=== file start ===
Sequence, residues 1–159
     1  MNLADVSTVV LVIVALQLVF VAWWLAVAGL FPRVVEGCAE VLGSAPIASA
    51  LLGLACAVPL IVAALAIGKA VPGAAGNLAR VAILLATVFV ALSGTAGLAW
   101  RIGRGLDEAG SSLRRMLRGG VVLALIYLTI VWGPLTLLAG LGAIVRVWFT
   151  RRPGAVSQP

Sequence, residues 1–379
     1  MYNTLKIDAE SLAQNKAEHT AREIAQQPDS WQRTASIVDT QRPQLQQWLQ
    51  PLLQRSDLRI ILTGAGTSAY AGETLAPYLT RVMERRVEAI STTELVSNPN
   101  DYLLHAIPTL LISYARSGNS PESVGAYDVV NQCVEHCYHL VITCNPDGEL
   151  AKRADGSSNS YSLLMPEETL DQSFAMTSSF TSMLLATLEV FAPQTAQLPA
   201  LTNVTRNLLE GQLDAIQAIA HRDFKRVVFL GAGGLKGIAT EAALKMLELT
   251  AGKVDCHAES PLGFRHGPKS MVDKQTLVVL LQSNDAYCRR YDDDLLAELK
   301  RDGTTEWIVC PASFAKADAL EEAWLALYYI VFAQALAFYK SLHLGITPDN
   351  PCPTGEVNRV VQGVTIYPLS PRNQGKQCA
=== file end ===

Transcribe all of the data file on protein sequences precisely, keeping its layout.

Sequence, residues 1–159
     1  MNLADVSTVV LVIVALQLVF VAWWLAVAGL FPRVVEGCAE VLGSAPIASA
    51  LLGLACAVPL IVAALAIGKA VPGAAGNLAR VAILLATVFV ALSGTAGLAW
   101  RIGRGLDEAG SSLRRMLRGG VVLALIYLTI VWGPLTLLAG LGAIVRVWFT
   151  RRPGAVSQP

Sequence, residues 1–379
     1  MYNTLKIDAE SLAQNKAEHT AREIAQQPDS WQRTASIVDT QRPQLQQWLQ
    51  PLLQRSDLRI ILTGAGTSAY AGETLAPYLT RVMERRVEAI STTELVSNPN
   101  DYLLHAIPTL LISYARSGNS PESVGAYDVV NQCVEHCYHL VITCNPDGEL
   151  AKRADGSSNS YSLLMPEETL DQSFAMTSSF TSMLLATLEV FAPQTAQLPA
   201  LTNVTRNLLE GQLDAIQAIA HRDFKRVVFL GAGGLKGIAT EAALKMLELT
   251  AGKVDCHAES PLGFRHGPKS MVDKQTLVVL LQSNDAYCRR YDDDLLAELK
   301  RDGTTEWIVC PASFAKADAL EEAWLALYYI VFAQALAFYK SLHLGITPDN
   351  PCPTGEVNRV VQGVTIYPLS PRNQGKQCA